You want to think about the building materials that are going to be able to handle those exposures and those, uh, humidity and temperature levels and still be durable. So you definitely want to lean towards more solid woods and less particle boards. You want to be really detailed on your air ceiling and your vapor control. And then look at mechanical controls where necessary. If it’s just a cold room, you can be a little more variable, but keep the crap out of it. So it’s not going to grow mold. If it’s a root cellar, you need to really make sure you’re isolating that space from the rest of the house because that is ideal mold conditions inside your building envelope. So if you’re doing it inside, you have to really manage it successfully. And one of the ways on a new construction you would manage that is again thinking about uh, like an exterior corner, but maybe you don’t even pour the concrete floor in that location. And that having graveled there would really help them manage the moisture, but it also really lower the temperature quite a lot. And that would be one way. And then air seal and insulate around that space. Now in existing homes that have a cold room built into them, these are going to be the biggest challenges because they often come with passive ventilation installed, which means there’s two air events open to the outside inside these cold rooms. And these can be very damaging to the building because what happens is in the summer, the hot, moist, humid air is literally pouring into this space. So it’s filling it full of moist air. And if we’re not managing that, the concrete will take on that load. And then in the winter time, that can be a cop trying to come out. Now if the concrete can take it or if you’ve got easier materials such as cardboard and paper and dust, they’re going to take on that moisture content and that’s what’s going to grow mold in the winter time. Those passive vents are simply pouring, freezing cold air into your house. And if your door between your cold room and the rest of the house isn’t airtight, that’s super terrible, right? That’s pouring in. You’re losing energy dollars dramatically. Also from a stack effect, from a chimney effect, from a building pressure system, that’s where the air is coming into the house as your energy dollars go up and out through your attic hatch. So these passive vents can be really damaging and I typically don’t recommend passive vents in cold climates. I recommend you simply air seal them up the simplest way. It could be with some spray foam that’s a little toxic. You can even use a bag, like a grocery bag filled with insulation, just shove it in. So the insulation is your thermal barrier, the plastic bags, your air barrier. Um, you can tape it over, you can insulate it, but we need to make sure that we have in thermal insulation and air tightness at the same time.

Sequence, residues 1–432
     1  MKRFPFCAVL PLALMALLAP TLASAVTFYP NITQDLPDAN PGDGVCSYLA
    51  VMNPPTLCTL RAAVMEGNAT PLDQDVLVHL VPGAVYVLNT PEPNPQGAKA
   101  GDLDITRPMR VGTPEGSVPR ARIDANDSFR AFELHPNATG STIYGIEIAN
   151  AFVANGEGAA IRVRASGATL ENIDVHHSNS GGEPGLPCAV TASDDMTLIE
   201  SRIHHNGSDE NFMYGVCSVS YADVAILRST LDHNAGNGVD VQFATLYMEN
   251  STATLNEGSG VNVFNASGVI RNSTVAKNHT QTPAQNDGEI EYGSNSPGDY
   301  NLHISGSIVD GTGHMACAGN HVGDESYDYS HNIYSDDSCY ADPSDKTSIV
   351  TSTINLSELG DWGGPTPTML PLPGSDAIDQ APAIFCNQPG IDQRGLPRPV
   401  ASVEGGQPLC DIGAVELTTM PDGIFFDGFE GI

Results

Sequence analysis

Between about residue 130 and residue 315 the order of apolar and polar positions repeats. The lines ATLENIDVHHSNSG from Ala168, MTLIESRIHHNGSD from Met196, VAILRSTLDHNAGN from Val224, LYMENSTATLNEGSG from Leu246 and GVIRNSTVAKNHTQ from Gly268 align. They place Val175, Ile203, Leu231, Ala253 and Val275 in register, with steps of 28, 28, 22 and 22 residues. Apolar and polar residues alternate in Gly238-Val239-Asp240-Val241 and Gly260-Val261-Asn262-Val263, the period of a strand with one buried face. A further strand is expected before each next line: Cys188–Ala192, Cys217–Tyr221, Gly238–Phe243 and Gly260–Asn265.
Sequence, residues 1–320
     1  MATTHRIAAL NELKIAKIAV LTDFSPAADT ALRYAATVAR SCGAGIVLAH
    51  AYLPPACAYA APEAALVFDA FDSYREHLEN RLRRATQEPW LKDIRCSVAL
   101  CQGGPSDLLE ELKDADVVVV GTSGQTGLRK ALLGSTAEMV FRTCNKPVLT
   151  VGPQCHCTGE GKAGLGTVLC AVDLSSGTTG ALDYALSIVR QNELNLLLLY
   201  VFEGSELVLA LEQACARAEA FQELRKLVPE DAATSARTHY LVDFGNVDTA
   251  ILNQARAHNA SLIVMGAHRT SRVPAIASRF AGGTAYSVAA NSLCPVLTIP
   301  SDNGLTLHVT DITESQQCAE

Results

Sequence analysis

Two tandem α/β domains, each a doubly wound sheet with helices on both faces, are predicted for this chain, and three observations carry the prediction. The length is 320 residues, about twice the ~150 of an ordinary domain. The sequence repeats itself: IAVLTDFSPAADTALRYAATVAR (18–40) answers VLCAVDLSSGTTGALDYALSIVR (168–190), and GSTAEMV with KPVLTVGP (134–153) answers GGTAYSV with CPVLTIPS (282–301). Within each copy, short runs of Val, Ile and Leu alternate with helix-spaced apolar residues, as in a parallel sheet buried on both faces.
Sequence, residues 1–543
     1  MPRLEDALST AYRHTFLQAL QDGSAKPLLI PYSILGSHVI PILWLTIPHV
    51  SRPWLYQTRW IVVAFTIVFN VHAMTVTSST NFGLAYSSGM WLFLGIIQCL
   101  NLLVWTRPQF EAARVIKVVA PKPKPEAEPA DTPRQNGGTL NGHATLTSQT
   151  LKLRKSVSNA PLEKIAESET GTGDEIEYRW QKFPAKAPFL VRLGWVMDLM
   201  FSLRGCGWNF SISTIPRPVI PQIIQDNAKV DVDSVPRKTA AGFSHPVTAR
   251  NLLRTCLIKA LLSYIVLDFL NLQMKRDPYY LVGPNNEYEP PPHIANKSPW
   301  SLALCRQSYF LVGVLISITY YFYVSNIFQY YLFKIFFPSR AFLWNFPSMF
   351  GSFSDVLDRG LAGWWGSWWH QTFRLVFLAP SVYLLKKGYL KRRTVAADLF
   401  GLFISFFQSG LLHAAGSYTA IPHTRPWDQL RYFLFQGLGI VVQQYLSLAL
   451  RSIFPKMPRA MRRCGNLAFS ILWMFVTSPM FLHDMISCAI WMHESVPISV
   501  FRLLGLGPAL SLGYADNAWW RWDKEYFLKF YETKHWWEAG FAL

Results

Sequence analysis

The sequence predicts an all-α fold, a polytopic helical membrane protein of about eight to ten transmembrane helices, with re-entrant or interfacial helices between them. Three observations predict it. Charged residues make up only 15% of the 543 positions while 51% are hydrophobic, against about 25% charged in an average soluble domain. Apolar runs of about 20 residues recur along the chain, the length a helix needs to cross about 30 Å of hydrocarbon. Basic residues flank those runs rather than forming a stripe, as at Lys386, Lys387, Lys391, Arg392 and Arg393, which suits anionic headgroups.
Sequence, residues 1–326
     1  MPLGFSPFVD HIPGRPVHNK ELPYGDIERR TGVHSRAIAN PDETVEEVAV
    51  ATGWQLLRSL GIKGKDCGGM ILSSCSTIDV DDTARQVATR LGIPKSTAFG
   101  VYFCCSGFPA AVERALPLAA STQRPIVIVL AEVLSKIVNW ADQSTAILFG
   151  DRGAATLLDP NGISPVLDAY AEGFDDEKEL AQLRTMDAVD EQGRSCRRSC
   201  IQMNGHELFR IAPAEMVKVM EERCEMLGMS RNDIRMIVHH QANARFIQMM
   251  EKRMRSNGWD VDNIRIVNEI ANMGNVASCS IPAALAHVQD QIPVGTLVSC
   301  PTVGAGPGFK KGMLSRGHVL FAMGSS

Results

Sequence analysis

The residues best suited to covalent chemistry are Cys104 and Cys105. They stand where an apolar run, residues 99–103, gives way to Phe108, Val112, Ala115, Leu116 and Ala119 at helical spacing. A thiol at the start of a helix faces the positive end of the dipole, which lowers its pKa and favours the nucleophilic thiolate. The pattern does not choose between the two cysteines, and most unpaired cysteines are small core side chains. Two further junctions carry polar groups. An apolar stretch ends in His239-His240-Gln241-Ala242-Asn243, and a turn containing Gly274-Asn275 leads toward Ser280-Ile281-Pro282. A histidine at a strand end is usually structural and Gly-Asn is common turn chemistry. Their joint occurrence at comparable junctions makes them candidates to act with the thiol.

So those are the tips and tricks. When we’re looking at root cellars, wine sellers and cold rooms, they are a little different. So you have to do a little research and figure out what you want to do, what’s important to you, how you’re going to create that space, make it safe so that whatever you’re storing in there is that ideal temperatures and humidity. So it can survive long periods. But we also want to make sure that we’re not damaging the rest of the house negatively by allowing moist air into it and causing damage. Thanks for listening.

If you enjoy this show, please leave a review and subscribe to the podcast and you will be doing your part to help others create their own healthy homes. If you’d like to learn more about me, Stephen Collette, and what I do, please check out my website at your healthy house dot. C a music for the podcast is by Brian Pickett of Voodoo Highway Music audio technical support is by Mike Pickett. Editorial support is by Eric Rosen. I’m your host, Stephen Collette. Thanks for listening and enjoy your day. Cheers.